ContractsProf Blog

Editor: Jeremy Telman
Oklahoma City University
School of Law

Tuesday, March 2, 2021

Promissory Estoppel and New Jersey's Uniform Securities Law

NJ Supreme CtLast month, the Supreme Court of New Jersey issued its opinion in Goldfarb v. Solimine, upholding the trial court's determination that plaintiff's promissory estoppel claim could proceed, but affirming the intermediate appellate court's remand for a determination of reliance damages.  The trial court had erroneously awarded expectation damages. 

Plaintiff Goldfarb alleged the defendant Solimine had reneged on a promise to employ Goldfarb to manage investments for Solimine's family.  Solimine contended that Goldfarb's promissory estoppel claim was barred under New Jersey's 1997 Uniform Securities Law. 

The Uniform Securities Law bars any claim on a contract made in violation of the Act.  Any alleged agreement between Goldfarb and Solimine would have violated the Act because the Act requires that investment advisory contracts be in writing.    As Goldfarb was not seeking recovery under a contract theory, but seeking recovery for reliance on a broken promise, his claim was not barred.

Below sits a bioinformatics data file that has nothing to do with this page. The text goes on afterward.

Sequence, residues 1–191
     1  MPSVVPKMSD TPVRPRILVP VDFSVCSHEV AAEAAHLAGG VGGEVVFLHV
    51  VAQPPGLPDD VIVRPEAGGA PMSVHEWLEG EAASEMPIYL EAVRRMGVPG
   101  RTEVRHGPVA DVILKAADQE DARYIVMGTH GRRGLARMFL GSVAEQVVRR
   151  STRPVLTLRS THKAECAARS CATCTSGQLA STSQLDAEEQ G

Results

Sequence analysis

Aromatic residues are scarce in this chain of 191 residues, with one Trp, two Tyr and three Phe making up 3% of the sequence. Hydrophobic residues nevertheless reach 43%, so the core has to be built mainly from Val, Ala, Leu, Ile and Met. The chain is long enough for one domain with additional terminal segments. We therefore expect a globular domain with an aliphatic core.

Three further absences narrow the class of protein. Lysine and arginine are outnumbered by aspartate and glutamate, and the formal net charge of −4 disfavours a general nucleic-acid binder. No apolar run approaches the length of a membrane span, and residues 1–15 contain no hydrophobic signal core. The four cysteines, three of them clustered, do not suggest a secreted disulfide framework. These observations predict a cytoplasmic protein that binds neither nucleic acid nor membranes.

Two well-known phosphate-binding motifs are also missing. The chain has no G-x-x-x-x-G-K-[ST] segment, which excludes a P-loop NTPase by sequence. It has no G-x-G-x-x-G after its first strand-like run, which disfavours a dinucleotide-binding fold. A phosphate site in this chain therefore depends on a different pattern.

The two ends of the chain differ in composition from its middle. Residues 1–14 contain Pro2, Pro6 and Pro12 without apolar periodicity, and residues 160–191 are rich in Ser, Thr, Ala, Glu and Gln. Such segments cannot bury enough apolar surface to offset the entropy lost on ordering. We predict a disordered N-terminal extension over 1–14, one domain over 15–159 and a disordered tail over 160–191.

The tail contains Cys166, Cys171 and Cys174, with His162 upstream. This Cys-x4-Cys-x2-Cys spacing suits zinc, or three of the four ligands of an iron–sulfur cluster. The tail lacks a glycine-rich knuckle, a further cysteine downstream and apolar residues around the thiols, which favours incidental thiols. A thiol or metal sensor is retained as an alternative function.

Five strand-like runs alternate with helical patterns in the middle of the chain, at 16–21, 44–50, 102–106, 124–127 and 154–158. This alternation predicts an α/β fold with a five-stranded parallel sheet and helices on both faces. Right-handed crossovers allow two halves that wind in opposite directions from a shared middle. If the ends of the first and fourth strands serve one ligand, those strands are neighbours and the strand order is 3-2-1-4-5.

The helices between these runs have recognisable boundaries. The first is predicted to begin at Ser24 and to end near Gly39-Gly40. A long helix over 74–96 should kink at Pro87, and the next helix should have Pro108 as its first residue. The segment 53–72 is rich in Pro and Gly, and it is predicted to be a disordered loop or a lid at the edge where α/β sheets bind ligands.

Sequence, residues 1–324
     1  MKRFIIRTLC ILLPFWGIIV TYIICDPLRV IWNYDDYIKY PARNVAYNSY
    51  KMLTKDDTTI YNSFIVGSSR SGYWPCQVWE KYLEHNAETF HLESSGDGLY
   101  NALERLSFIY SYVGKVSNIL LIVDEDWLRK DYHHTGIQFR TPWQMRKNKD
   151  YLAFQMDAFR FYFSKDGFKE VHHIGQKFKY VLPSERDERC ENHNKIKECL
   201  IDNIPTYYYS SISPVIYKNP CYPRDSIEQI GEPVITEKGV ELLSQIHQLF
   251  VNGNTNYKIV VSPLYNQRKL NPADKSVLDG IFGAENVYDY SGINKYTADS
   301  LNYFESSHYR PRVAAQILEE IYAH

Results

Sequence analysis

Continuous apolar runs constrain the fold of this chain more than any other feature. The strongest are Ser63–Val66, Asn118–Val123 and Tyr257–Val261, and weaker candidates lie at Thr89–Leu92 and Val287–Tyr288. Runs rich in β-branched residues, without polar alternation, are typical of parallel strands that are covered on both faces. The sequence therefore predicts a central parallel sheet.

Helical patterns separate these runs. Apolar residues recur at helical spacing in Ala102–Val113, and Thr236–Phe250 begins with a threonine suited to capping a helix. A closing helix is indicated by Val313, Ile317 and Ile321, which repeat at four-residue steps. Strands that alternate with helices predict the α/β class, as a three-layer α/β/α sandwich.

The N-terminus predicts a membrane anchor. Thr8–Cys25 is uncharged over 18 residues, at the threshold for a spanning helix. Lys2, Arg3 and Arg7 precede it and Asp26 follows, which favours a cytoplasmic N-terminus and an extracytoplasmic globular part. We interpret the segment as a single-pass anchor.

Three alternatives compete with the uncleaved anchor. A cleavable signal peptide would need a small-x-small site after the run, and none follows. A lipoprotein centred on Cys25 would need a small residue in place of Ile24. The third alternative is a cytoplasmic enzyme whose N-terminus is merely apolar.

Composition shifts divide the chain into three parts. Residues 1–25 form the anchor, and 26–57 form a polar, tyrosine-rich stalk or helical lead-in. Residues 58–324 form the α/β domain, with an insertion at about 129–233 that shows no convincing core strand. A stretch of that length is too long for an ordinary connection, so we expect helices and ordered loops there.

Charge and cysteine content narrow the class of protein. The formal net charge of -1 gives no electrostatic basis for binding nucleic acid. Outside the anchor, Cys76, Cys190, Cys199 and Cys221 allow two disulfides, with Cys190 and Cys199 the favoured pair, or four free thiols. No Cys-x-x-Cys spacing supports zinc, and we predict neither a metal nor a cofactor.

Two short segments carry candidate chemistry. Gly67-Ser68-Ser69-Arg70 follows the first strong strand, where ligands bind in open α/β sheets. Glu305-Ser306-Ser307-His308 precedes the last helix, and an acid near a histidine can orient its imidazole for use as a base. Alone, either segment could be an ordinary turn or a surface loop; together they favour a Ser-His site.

[h/t OCU law student, Jasmine House]

https://lawprofessors.typepad.com/contractsprof_blog/2021/03/promissory-estoppel-and-new-jerseys-uniform-securities-law.html

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Comments

There was a dissent too. I sort of identify with the dissent, even though it was just a single justice.

Posted by: hardreaders | Mar 2, 2021 6:03:43 AM

Good point.

I read the majority as simply respecting the jury's determination that the elements of promissory estoppel were met. Were it writing on a blank slate, it might have determined otherwise. I also suspect that recovery of reliance damages is not going to do very much for Mr. Goldfarb. Hard to imagine that his recovery would even cover the cost of litigation up to the Supreme Court of NJ and then back down for a re-trial on damages. Why undo a jury's work when the case is now headed to a quick settlement?

I'm not too worried about a bad precedent because I think it takes odd facts to make out a promissory estoppel claim in a similar context.

Posted by: Jeremy Telman | Mar 2, 2021 8:00:05 AM

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